- When describing algorithmic compression of column values, compression refers to whatever methods you choose to implement to compress byte, character, and graphic data. Algorithmic compression is implemented by assigning a compression and a decompression UDF to a table column. Although you can only specify one compression UDF and one decompression UDF per column, those functions can compress and decompress multiple column values. For the syntax used to assign algorithmic compression UDFs to columns, see Teradata Vantage™ - SQL Data Definition Language Syntax and Examples, B035-1144. For details about coding UDFs to implement algorithmic compression, see Teradata Vantage™ - SQL External Routine Programming, B035-1147.
- When you specify algorithmic compression for a column, you might be using a form of lossless compression, or you might be using lossy compression for sound, video, graphic, or picture files.
- When you specify a UDF name for algorithmic compression, you must also specify its containing database or user.
- You can specify algorithmic compression only for columns having one of the following data types.
- All UDT types that are not based on BLOBs or CLOBs.
You can specify algorithmic compression for Period types.
- Algorithmic compression is not supported for the columns of join indexes
- Algorithmic compression automatically compresses nulls.
- Algorithmic compression is carried to spools whenever possible.
- You can specify algorithmic compression for an unlimited number of columns in a table.
- The column DBC.TVFields.CompressValueList stores the names of the compression and decompression algorithms specified for a column as well as the compressed multivalue for any multivalue compression specified for a column.
The maximum size of DBC.TVFields.CompressValueList is 8,192 characters. If the composite size of the value and algorithmic compression information exceeds this limit, the system reports an error.
- The UDFs must be created in either the SYSUDTLIB or the TD_SYSFNLIB database.
- The UDFs must be scalar UDFs.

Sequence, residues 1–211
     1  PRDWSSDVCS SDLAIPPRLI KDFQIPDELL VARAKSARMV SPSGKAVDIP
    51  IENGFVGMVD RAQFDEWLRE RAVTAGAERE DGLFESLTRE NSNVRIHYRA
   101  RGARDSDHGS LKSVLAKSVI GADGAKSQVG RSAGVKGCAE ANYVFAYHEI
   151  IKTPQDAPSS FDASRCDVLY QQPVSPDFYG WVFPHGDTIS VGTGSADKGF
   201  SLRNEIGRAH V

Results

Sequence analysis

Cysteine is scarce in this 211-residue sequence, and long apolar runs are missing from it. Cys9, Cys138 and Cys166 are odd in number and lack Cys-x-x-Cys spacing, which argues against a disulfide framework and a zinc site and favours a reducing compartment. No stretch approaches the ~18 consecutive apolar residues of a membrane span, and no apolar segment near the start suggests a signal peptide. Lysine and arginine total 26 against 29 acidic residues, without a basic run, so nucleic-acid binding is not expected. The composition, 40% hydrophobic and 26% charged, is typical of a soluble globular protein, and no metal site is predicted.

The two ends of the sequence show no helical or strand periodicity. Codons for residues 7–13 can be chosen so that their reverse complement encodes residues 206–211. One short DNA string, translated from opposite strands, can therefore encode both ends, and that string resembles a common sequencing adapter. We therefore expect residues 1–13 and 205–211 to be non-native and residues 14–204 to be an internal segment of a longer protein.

Neither aggregate nor table UDFs are valid for algorithmic compression.
- The UDFs must be deterministic.
- The UDFs can only have 1 input parameter, and the data type of the value passed must be a type that is valid for algorithmic compression.
- The input to an DECOMPRESS USING UDF must have a variable data type.
The output from an DECOMPRESS USING UDF must be compatible with the data type of the column being decompressed.
- Algorithmic compression cannot truncate data values.
The length of the column must be less than or equal to the length of the input parameter passed to the COMPRESS USING UDF.
Similarly, the length of the column must be less than or equal to the length of the output parameter returned by the DECOMPRESS USING UDF.
- A user who references a column defined with algorithmic compression must have the privilege on the COMPRESS USING and DECOMPRESS USING UDFs specified for that column.
- Vantage supports function overloading for the COMPRESS USING and DECOMPRESS USING UDFs you write.
For example, you can overload an algorithm that handles different data types, and the system executes the appropriate function depending on the data type of the input parameter value passed to it.
- Vantage supports algorithmic compression of Period columns.
The costs of compressing and decompressing column data algorithmically depends on the algorithms used, and you must evaluate those costs yourself.
Teradata provides the following system-defined external UDFs that you can use for algorithmic compression and decompression. See Teradata Vantage™ - SQL Operators and User-Defined Functions, B035-1210. These functions are stored in the TD_SYSFNLIB database.